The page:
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My aunt had surgery for a broken shoulder and since then her mental status has gone down hill. They took her to rehab cause she lost her leg function( which before that she was walking with a walker and pretty much independent) but she can't stay awake to do therapy and just mumbles and sings and sees things. They have done all kind of tests in the hospital which all came back normal. She is refusing to eat or drink. I might get her to eat tiny bits. What should I expect from all this

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I'm so sorry!

A broken bone is a shock to the body and older people often don't completely recover. Even the hospital experience can be upsetting enough to set someone back. As mentioned, anesthesia is also a risk.

There was nothing that you could have done differently. Your aunt may or may not get better with time. She could even continue to decline mentally. Sadly, these things become part of the aging process for many.

So what you can. Keep an eye on the medications because they can add to the problem. And take care of yourself, as well.
Carol
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Is she taking pain meds for her surgery? If she is, they could affect her memory, however, getting a dementia diagnosis is mostly subjective. A shoulder injury/surgery should not be having these thinking problems. Get her to a neurologist who specializes in dementia. Being 85 yrs. is time to be showing signs of dementia (if you are predisposed to getting it). I suspect her refusal to eat is a medication problem. After surgery some pain meds might be needed, but opioids should be tapered off and then discontinued. What does her doctor say about these symptoms? Be sure to discuss them with her/him.
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is she on any new meds? esp. pain meds,,They can cause confusion.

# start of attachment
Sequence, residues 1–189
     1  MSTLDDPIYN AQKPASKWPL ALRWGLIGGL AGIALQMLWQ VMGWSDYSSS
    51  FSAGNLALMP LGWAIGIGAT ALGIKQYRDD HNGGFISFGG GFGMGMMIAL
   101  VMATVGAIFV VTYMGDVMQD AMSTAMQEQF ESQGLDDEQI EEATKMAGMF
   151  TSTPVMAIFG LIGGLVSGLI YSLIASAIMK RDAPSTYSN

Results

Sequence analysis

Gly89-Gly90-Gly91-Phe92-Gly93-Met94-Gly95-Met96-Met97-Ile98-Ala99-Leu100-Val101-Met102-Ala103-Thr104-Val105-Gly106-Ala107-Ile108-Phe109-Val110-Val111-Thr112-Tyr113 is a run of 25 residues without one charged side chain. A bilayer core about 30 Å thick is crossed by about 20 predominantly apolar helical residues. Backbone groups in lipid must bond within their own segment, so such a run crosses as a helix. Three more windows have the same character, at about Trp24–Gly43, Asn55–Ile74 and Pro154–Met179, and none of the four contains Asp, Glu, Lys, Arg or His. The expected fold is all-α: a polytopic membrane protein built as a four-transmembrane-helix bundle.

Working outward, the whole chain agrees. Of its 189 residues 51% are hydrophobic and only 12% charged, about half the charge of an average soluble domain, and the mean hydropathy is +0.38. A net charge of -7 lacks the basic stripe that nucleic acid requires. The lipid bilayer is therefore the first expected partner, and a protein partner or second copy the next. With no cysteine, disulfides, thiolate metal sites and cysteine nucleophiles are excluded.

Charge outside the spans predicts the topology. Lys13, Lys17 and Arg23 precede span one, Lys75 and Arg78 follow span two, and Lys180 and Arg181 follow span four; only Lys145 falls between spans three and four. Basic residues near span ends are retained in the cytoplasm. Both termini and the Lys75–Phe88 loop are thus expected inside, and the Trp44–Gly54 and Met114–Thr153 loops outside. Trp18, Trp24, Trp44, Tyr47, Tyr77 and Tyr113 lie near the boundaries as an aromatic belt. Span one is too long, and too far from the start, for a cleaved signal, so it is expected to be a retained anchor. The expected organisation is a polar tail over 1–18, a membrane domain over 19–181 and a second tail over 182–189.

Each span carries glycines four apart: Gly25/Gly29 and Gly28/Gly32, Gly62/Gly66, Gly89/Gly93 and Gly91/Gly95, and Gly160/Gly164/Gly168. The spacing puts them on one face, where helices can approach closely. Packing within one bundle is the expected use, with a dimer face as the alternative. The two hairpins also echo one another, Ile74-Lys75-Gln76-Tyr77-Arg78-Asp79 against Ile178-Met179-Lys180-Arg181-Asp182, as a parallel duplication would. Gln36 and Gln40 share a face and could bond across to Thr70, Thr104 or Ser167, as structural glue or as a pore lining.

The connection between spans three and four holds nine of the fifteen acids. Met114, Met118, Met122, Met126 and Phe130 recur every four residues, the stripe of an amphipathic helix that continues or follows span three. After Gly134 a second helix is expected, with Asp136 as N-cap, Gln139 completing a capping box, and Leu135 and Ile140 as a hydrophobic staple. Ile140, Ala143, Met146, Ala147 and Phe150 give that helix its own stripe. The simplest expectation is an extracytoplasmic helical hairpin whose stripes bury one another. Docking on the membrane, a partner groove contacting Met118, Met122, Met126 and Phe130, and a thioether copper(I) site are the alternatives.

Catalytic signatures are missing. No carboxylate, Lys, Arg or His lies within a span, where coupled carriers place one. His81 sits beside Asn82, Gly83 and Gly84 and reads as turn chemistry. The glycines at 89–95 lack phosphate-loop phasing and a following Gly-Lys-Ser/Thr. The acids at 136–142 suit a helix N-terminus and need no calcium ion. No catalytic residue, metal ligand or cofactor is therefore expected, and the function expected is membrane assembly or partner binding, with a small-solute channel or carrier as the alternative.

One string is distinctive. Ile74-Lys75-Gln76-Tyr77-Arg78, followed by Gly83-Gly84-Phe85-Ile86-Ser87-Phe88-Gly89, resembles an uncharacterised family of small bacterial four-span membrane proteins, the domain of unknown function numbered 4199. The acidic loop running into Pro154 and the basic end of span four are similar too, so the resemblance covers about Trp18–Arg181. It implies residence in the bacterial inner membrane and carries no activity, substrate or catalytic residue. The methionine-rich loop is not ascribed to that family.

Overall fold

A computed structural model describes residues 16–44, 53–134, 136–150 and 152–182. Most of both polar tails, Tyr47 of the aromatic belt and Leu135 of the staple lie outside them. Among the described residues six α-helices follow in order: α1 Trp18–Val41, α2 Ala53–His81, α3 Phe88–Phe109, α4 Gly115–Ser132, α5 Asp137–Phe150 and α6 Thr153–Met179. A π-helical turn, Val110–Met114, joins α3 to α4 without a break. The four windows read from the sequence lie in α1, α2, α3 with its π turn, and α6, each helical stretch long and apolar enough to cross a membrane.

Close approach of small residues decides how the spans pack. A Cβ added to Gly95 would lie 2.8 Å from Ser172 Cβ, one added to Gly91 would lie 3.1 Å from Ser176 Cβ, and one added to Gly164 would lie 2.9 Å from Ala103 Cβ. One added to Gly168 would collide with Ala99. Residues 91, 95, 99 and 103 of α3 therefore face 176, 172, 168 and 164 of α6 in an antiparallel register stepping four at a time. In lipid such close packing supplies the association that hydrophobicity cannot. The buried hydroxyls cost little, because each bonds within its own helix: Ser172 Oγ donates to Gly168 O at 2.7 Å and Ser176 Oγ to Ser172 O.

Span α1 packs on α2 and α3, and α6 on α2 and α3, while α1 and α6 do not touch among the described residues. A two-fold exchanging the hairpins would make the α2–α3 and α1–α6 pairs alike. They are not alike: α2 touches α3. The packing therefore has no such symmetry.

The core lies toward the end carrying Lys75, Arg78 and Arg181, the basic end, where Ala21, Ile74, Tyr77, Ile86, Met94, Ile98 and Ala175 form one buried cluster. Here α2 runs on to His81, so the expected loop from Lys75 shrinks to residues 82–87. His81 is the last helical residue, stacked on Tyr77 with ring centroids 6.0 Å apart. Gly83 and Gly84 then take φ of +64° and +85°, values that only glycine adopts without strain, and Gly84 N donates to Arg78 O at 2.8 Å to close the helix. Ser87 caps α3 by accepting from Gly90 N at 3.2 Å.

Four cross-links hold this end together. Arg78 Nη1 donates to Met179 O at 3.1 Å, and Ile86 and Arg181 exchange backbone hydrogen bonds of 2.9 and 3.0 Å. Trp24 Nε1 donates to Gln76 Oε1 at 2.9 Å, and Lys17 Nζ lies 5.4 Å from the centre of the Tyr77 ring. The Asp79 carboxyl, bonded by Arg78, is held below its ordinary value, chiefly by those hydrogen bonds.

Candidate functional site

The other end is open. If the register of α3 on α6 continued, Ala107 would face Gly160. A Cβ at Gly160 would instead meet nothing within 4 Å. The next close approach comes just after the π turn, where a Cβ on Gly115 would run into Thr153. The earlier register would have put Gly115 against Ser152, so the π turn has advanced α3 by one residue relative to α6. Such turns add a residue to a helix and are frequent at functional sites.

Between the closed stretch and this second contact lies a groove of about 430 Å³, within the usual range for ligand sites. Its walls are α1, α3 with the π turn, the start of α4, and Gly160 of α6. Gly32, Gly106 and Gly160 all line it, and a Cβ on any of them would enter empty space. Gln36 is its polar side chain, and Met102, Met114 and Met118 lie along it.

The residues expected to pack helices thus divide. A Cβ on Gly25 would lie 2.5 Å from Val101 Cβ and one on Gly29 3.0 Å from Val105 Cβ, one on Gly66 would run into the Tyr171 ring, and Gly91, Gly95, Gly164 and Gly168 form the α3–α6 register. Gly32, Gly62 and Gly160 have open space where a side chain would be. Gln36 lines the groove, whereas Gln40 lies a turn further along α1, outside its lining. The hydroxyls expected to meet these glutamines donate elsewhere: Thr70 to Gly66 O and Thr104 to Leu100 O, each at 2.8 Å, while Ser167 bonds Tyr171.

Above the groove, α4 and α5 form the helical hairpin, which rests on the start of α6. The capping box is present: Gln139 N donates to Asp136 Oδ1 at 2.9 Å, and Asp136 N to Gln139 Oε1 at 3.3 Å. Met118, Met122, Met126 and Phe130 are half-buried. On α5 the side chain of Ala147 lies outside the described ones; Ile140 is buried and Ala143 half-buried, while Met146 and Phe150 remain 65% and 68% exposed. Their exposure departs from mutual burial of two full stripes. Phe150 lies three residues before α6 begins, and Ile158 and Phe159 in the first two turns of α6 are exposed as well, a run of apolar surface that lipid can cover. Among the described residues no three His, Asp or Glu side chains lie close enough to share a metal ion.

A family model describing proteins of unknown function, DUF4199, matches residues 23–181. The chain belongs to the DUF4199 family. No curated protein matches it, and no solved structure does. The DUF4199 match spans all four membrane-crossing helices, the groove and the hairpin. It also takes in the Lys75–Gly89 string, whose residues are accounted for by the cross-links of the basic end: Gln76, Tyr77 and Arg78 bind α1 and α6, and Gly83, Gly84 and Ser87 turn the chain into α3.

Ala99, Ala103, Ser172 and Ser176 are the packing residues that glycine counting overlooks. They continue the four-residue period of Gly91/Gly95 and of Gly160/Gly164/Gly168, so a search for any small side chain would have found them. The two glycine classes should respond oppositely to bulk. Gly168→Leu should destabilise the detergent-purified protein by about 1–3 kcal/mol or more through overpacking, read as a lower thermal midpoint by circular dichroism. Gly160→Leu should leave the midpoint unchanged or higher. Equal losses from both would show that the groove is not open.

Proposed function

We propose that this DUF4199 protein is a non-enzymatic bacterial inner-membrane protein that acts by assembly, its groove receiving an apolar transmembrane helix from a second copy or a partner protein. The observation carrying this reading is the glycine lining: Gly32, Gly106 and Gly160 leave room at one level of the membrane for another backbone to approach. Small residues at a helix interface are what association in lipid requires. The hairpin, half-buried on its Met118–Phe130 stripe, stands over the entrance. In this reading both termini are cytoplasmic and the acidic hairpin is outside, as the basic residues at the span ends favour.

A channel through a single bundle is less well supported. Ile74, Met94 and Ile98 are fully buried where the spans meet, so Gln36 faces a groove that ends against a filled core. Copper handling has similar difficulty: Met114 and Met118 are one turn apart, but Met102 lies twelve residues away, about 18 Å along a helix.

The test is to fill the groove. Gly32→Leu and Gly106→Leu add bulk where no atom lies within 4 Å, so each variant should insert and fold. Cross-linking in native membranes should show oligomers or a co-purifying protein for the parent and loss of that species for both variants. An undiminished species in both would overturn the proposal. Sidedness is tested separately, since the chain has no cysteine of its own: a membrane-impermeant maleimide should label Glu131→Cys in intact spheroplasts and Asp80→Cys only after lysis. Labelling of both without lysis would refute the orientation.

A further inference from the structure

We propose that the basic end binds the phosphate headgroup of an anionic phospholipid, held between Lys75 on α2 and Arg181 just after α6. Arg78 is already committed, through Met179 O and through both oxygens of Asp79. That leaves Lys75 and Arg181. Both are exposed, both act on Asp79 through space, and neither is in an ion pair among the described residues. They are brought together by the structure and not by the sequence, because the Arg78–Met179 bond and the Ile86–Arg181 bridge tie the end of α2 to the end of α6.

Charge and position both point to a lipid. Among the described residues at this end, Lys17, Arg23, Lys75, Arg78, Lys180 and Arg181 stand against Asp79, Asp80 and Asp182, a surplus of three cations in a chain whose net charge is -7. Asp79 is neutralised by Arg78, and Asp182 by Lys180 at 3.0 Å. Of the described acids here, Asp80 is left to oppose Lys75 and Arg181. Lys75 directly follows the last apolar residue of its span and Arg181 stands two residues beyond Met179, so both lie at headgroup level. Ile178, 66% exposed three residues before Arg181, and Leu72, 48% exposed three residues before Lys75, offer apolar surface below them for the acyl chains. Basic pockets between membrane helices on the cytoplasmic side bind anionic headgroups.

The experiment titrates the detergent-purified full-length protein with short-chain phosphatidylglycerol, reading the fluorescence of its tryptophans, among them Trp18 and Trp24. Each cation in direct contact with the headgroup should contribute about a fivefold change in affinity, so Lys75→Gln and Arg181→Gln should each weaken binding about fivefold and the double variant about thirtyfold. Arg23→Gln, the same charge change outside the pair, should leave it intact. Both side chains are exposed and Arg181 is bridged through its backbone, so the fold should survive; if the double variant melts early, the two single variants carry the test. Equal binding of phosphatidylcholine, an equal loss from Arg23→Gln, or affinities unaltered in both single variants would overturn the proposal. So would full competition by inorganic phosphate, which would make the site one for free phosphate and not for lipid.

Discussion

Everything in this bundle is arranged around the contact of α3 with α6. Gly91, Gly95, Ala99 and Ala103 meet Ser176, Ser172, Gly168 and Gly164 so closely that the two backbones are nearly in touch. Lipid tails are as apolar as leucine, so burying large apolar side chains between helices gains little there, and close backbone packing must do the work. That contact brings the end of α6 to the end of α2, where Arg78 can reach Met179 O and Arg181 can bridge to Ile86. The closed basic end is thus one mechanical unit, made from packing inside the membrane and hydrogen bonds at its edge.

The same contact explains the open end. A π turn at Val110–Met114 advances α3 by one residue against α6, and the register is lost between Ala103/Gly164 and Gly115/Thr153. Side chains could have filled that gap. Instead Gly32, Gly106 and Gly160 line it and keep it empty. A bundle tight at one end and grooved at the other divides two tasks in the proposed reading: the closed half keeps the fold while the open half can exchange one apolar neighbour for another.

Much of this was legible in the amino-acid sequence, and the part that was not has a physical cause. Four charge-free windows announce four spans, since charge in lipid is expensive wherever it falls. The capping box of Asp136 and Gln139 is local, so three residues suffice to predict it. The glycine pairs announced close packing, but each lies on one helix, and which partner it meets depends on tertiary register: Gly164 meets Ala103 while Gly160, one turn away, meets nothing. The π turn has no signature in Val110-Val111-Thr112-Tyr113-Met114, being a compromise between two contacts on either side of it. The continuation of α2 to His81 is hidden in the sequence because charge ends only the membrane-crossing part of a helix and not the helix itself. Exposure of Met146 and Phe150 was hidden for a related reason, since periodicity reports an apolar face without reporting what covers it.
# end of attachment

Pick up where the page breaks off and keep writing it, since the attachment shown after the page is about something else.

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Thanks for the answers. Her surgery was 2 hours. She is not on any pain meds only her regular heart meds. She also has COPD and her breathing is very labored. Couldn't get her oxygen level up to 90 even by increasing the oxygen liters
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How many liters of O2 are you giving? From 90 - 100% is ideal, but if she has COPD she has problems breathing OUT the CO2. Call her pulmonologist to ask what to do. She may need hospitalization.
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All of the above are possible complications but I would suspect her ongoing low oxygen levels to be a major contributor. What can you expect? Unfortunately in your aunt's case with her degree of COPD I would expect a continued decline
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Any time an older person goes into the hospital, it is very stressful to them and if dementia is already present, it gets worse. My mom was in the hospital for a month for a bi-lateral fracture of her sacrum. Her hair started falling out. The doctors had my mom on Gabapentin (Neurontin)for nerve pain and it made her hallucinate. One doctor even gave her Haldol one night because she didn't want to stay in bed and you would think she was Linda Blair from the Exorcist from that drug. Needless to say, we threw a fit about that choice and got another doctor who quickly determined that my mom had a urinary tract infection. In older individuals, that can cause confusion and dementia. Once she was administered antibiotics, the dementia was gone.
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General anesthesia can cause dementia in elderly people. It can be temporary, but sometimes it is permanent. There are a lot of studies about this problem
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Surgery in the elderly can be very tricky. Mother had a hip replaced 2 years ago. The surgery was successful, but mother went downhill before our eyes. It was due in part to the pain meds, which she really needed for the pain, but even after she stopped taking anything but Tylenol, she never was the same. It was as if the "filter" that kept her from saying nasty things just disappeared. She's much angrier and meaner, at times. We've all adapted to her. I used to help her a lot, but she looked on me suddenly as the enemy, so I have opted (and was asked) to step out of her life. I have respected that.

This is not uncommon, it's sad, but it's all part of the downhill slope. Mother can have no more surgeries, they've stated emphatically she wouldn't make it through one (age 86).

I wouldn't not look in to the o-sats. That could be a factor. I would look into all possibilities before just assuming it's one or the other thing. Also, GA is pretty hard on geriatrics. My DIL is an Anesthesiologist and she says GA is really, really hard on older people--they just don't shake it off well.
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My 91 year old Mom had surgery for a bowel obstruction in August. About 3 weeks after the surgery, I noticed she was increasingly forgetful & meaner.
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